• The bushings are made from SAE 660 / CDA 93200 bronze and the alloy is (copper 83%, tin 7%, lead 7%, zinc 3%. 8)
      • Bronze has a coefficient thermal expansion of .0000010“ per inch per each degree f of temp.
      • Aluminum is .0000012”.
    • Given a 150 degree rise from 75 cold motor to 225 hot yields a difference in size between the 2 metals of .000028“. (that's 28 one millonths of one inch)
      In real word terms, the thickness of the plastic wrap on a pack cigarettes is .001” thick. .000028“ is 1/36 of that thickness.
    • The material thickness is taken into account by the 'inch per inch' part of the equation.
      • Take (2) 1/4” dia rods. one 2“ long and one 12” long. Measure the length and diameter of each at room temp.
      • Heat both to higher (or lower) temp and re-measure the lengths.
        1. The diameter change will be same on both.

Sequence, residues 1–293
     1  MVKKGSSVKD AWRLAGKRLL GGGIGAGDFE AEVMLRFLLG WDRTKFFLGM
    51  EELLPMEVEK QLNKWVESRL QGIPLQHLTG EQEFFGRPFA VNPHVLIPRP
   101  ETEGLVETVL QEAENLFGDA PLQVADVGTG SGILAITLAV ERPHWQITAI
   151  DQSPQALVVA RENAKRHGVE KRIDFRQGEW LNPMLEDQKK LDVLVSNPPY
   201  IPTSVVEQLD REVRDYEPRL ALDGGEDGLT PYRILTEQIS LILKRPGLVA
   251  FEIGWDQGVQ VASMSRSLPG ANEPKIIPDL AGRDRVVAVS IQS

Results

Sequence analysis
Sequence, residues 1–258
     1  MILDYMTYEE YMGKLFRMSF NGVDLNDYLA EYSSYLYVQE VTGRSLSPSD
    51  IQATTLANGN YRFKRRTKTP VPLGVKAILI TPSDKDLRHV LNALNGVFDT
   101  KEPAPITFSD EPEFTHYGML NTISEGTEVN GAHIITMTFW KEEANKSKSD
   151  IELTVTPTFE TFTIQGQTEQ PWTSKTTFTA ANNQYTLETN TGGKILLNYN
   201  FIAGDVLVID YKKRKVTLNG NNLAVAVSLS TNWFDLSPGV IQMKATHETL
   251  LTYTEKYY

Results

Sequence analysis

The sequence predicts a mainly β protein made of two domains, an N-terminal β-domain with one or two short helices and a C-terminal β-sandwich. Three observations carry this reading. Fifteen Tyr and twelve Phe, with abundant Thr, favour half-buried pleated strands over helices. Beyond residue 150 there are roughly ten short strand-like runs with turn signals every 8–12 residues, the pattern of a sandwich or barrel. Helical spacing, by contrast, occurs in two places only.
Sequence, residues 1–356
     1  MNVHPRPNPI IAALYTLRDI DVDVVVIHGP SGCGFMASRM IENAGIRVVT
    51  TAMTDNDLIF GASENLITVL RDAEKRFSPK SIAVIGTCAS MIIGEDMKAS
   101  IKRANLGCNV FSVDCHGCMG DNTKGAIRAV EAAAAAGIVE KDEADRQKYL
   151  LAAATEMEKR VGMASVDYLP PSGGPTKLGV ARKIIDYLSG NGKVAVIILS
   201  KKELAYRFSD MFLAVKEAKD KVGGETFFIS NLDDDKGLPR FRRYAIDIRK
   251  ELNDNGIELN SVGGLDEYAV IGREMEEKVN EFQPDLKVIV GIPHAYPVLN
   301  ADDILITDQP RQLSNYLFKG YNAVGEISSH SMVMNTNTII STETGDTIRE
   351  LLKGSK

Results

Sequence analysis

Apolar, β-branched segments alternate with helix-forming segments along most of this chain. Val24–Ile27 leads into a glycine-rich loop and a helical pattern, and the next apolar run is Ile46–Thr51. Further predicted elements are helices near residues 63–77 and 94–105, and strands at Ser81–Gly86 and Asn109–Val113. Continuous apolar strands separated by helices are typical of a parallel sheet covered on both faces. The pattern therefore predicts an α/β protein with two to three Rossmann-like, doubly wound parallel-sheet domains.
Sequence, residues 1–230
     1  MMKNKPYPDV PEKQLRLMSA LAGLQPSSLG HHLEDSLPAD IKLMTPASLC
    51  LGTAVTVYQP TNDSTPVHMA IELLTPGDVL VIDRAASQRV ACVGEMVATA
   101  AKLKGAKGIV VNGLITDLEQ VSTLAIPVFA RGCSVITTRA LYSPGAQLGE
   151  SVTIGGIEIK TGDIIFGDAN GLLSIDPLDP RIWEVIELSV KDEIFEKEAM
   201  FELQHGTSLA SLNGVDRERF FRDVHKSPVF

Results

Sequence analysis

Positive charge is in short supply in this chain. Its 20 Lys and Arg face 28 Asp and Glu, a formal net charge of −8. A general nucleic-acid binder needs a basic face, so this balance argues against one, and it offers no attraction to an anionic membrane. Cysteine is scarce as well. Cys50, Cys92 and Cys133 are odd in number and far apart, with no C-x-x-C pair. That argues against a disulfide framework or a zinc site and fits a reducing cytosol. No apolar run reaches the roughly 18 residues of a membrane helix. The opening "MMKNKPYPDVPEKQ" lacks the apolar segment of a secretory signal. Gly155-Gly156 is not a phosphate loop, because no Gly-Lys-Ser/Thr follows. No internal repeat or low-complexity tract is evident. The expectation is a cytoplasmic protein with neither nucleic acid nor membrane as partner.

2. The length change will be 6x as much on the longer vs shorter samples.
        3. The % of change from one temp to the other on either diameter or length is the same for both.
      • Now form those rods into circular loops. The same changes take place.
        The rods get longer, the circumference gets longer and the loop diameter gets bigger.
        The dia of the rods grow too wanting to make the I.D of the loop smaller and the O.D. bigger.
        The I.D. thing is offset by the greater circumference but the O.D. thing is not.
      • On our case of the cam bushing, what all these changes actually add up to is gonna vary with the wall thickness vs circumference of each element.
        But the major factor is the circumference. The others are small potatoes.
        And left out of the original calculations because the overall effect of them is tiny.
      • The cast aluminum cam cover case being thinner than the bronze bushing may heat up and expand sooner, possibly loosening the fit between the case and the bushing?